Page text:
Big Tobacco

2 December 1998

It’s been a bit hard to determine which dragon a solitary St. George should take on, when there seem to be dragons everywhere. –Robin McKinley, The Blue Sword

How true, how true. I feel this could turn into a litany of woes longer than “We Didn’t Start the Fire,” or the part of the Declaration of Independence that nobody reads, or the Book of Job (which, actually, I’ve never read, but I hear it’s pretty substantial). But we haven’t world enough or time to go into them all, so, plunging my hand into the hat of possibilities this evening, I come up with the subject of the big tobacco settlement and its relation to free speech and the apocalypse and stuff like that.

As I understand it, the tobacco companies are now going to have to shell out a lot of dough to all the states who signed on to this thing, who are, in turn, going to use it to offset the costs of the public health threat which cigarette-smoking has created, and that, furthermore, they’re going to raise the price of cigarettes some more and use that money to fund more anti-smoking education programs. And, last but not least, yet more forms of cigarette advertising are being banned. There are already so many things that give me pause here that I think I’d better stop to point out a few.

I’m not an advocate of smoking, particularly–it’s obviously not very good for anybody, so I suppose it’s nice that that’s getting some more attention. But last I checked, we were all perfectly well aware of the dangers and risks. Stating them more times doesn’t make them any more true, so I doubt that more education will do any good. As for the bans on advertising–well, this is where I start to get upset. The idea, I gather, is that they want to eradicate all images of smoking being cool from the minds of youth so that they won’t start. They’ve gotten rid of Joe Camel, but I don’t see any of these people saying we ought to get rid of James Dean, Humphrey Bogart, Bette Davis, and, for that matter, Leonardo di Caprio, who seems to have a penchant for choosing roles in which he gets to smoke.

Smoking as a cool activity is much more culturally entrenched than a two-dimensional cartoon character–and the advertising people over at Camel obviously know this. Have you checked out their ads recently? I think they’re hilarious, actually. They sneer so obviously. My favorites are the ones which feature a bunch of teenagers/twentysomethings in loud clothes, jumping around a house. In the bottom corner is a bubble just like the ones TV shows have these days, warning us that this situation involves sex, drugs, rock-n-roll, unsavory characters, disregard for authority, etc. You have to admire any advertisement that can mock Joe Camel opponents (by featuring pictures which look almost cartoonish), the Surgeon General’s Warning [with no disrespect meant to C. Everett Koop, who got the warnings enlarged in the first place, and of whom I am a huge fan] and TV-ratings systems all in one fell swoop. What lies underneath the humor, and what keeps the debates about TV-ratings and V-chips and porn on the internet vibrant, though, is an anxiety about the limits of free speech. At the considerably risk of sounding like a right-winger, I’m going to go ahead and say that free speech is more important than keeping images of tobacco icons out of the minds of the young and impressionable. I suppose when Voltaire said he’d fight to the death for your right to say something he disagreed with he wasn’t really expecting the explosion of advertising which various -isms have thrust upon us. It’s hard to defend the free-speech rights of a company as sleazy as Phillip Morris–but it’s necessary.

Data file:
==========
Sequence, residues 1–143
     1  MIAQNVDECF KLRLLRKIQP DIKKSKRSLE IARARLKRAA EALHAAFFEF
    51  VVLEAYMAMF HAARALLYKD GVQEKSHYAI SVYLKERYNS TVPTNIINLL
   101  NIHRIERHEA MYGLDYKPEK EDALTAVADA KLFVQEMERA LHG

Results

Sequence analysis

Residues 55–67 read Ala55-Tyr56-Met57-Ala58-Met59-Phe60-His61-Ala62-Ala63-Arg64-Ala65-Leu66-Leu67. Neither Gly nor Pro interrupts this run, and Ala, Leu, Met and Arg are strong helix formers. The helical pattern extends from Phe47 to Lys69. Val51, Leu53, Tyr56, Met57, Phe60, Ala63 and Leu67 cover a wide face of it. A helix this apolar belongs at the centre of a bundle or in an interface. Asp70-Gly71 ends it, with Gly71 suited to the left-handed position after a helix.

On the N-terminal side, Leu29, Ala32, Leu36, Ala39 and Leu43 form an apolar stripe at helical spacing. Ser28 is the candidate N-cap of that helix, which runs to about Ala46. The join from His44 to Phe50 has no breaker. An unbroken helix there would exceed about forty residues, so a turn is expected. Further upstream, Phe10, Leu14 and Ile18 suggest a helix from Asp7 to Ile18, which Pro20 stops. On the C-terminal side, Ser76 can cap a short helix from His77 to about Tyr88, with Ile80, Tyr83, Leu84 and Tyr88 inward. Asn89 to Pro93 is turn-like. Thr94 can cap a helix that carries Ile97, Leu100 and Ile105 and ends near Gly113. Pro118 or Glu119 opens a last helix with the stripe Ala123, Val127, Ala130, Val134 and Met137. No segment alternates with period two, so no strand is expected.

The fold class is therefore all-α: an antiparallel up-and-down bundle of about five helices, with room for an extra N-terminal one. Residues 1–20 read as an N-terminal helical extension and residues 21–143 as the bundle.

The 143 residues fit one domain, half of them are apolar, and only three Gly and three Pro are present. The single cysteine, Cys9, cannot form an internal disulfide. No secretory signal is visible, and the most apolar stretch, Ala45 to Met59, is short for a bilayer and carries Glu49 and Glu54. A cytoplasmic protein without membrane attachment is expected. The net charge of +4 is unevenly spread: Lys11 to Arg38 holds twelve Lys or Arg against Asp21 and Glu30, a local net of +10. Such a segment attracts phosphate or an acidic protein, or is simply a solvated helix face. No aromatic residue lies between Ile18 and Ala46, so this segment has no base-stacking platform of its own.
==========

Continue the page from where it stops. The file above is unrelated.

As for the apocalypse–no, I don’t really think the world is ending, but it does frequently appear to be going to hell in a handbasket. It’s a little hard for me not to be skeptical–not to mention cynical–about things when the first President of the U.S. I can remember started out as a B-movie actor. Actually, I find it quite appropriate that Reagan was President, for it seems like the perfect post for an actor to hold: the greatest role he’ll ever have (or she–but since not even Hollywood, who put Morgan Freeman in the job this past summer, has managed to make a woman president yet, I’m not holding my breath on that one). And it’s that cynicism, I suppose, which makes me wonder if not a few of the lawyers and politicians who won this big tobacco deal are going to spend a few bucks on some celebratory cigars. When they emerge from their smoke-filled rooms, I hope they take a look at the smoke which surrounds us all these days and consider a class-action suit against car manufacturers and oil companies. Cigarette smoke may contain carbon monoxide, but it takes a lifetime of it to kill you. A garage full of car exhaust can do you in in an afternoon.